Merola acknowledged that the cheetah is suffering, but it is from a loss of habitat and other adverse human effects. For example, habitat destruction has resulted in population densities of one cheetah per 6 km2 rather than the old rate of 1 per 100 km2. High densities facilitate transmission and spread of disease and 'focusing' of cheetah predators in the small reserves. Cheetah cub death rate is 93% in the Serengeti reserves, of which 73% was attributed to predation by lions and spotted hyenas (Laurenson et al. 1995). It seemed as though reserves promoted predation because of the 'focusing' effect of predators on remaining 'islands' of intact cheetah and predator habitat. Cheetahs are probably also suffering due to food reductions associated with destruction of natural habitat used by the cheetah's ungulate prey, and to hunting.
O'Brien (1994) fired back in the same issue of Conservation Biology that Merola's comparisons used only allozyme data for a relatively small number of loci (< 22), while the cheetah allozymes data consisted of 52 loci. Thus, the cheetah studies used more loci but still found less diversity. In addition, other more useful modes of genetic testing (described above) yielded the same results - that the cheetah is genetically depauperate relative to other mammals, terrestrial vertebrates and other cats. He also suggested that the high natural mortality rate of cheetah cubs observed in Africa may have resulted from discovery of dens (thus multiple killings of cubs rather than independent killings) and to predators learning of den locations from researcher movements. O'Brien does not preclude environmental problems as one of the issues confronting survival of the cheetah, though he maintained that the larger problem was genetically-based.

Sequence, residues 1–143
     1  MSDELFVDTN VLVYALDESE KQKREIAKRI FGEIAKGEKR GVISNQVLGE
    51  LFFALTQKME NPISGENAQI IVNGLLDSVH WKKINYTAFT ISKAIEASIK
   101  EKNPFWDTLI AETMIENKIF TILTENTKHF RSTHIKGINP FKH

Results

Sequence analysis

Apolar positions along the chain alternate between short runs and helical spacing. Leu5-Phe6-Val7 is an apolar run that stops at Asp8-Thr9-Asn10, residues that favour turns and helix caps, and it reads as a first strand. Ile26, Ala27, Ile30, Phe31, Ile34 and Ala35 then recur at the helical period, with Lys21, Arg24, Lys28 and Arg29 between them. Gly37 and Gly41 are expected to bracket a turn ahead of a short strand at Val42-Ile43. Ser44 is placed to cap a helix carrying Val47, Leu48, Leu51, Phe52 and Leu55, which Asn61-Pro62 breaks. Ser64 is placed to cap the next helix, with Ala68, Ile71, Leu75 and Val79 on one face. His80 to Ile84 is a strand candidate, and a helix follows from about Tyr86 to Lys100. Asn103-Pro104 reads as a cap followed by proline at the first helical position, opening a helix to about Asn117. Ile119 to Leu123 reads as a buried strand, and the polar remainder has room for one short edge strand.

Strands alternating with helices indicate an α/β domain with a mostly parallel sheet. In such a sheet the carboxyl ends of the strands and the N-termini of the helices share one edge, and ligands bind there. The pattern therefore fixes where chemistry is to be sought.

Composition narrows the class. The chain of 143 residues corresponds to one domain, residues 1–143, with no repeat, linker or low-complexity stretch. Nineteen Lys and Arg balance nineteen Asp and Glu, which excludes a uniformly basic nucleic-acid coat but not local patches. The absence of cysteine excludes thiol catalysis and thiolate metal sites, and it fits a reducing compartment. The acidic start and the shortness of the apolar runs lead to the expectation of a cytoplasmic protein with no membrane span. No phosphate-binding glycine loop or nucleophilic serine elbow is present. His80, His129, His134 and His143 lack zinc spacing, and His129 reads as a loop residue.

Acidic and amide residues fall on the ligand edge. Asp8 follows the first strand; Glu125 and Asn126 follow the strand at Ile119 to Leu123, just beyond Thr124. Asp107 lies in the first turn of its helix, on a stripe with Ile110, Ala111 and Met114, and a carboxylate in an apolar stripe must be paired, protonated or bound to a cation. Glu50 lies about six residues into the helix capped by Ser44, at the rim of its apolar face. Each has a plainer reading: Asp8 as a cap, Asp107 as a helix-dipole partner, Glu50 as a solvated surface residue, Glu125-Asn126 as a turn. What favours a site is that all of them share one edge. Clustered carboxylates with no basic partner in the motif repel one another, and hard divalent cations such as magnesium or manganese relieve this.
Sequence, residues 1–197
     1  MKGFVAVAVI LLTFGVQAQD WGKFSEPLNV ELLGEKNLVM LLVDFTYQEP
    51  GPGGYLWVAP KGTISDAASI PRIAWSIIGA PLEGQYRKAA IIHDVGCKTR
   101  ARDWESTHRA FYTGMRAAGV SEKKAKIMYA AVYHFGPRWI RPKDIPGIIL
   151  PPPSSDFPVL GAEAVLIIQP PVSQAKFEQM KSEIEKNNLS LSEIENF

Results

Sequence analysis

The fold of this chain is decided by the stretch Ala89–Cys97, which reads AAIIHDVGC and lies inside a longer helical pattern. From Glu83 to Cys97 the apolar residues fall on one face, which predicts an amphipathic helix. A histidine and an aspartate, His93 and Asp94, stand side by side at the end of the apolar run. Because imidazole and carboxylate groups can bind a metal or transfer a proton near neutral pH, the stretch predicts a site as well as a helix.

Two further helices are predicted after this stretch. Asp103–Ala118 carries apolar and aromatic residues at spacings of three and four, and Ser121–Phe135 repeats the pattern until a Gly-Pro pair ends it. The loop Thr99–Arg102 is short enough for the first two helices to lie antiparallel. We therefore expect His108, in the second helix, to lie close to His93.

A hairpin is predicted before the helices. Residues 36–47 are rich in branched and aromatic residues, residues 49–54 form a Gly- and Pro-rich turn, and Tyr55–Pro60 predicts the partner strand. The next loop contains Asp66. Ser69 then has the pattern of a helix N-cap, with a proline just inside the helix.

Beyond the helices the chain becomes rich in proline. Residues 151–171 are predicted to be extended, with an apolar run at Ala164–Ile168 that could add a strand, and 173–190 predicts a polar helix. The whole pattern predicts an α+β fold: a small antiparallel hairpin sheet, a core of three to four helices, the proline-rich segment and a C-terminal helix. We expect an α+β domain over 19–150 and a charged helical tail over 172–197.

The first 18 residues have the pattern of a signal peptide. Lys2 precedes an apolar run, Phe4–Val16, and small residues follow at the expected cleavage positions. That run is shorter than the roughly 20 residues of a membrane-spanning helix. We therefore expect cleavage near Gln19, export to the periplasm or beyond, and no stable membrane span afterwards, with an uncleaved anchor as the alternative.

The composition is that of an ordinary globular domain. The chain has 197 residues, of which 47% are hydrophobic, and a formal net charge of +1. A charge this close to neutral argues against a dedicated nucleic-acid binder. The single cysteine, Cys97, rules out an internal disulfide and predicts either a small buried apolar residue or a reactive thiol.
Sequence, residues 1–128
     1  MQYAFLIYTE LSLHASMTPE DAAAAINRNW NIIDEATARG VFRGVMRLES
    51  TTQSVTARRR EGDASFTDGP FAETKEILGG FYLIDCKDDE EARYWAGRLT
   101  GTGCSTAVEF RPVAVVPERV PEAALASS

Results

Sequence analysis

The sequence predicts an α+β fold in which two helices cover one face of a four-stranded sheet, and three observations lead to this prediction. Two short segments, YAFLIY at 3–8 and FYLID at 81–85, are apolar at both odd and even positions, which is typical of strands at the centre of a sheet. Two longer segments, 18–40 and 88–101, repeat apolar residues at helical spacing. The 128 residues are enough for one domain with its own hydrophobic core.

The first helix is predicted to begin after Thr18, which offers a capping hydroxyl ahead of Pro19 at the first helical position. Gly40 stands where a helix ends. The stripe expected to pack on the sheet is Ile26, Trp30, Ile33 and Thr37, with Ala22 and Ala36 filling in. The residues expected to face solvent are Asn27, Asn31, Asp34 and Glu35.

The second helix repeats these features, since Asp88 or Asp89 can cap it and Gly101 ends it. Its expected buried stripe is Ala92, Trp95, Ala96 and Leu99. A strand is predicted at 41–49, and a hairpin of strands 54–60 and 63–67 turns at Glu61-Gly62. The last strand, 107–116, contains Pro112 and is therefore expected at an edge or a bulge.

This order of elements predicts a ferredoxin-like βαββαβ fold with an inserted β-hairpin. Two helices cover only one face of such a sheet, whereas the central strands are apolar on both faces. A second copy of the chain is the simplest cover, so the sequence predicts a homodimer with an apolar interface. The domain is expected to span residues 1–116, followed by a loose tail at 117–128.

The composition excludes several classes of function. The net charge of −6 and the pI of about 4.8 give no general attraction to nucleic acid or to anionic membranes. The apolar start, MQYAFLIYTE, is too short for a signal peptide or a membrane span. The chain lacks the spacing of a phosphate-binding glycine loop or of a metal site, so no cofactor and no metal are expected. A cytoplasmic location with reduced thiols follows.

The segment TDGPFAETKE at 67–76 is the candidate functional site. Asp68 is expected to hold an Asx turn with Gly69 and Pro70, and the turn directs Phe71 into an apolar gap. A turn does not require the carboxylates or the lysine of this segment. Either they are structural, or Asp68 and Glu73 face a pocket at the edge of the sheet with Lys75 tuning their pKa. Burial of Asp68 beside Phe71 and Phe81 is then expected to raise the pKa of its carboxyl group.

Laurenson at al. (1995) flatly rejected O'Brien's notion that they led lions and other predators to cheetah dens because they took precautions to prevent this possibility. They also rejected the idea that predation rates were inflated by predators killing all offspring in a den, because predation was a major mortality factor for all dens, not just specific ones. They argued that mortality of cheetah cubs in captivity was attributable to genetic factors (<4%) and animal husbandry (78%). Thus, in the wild they suffer from predation, while in captivity they suffer from poor breeding practices.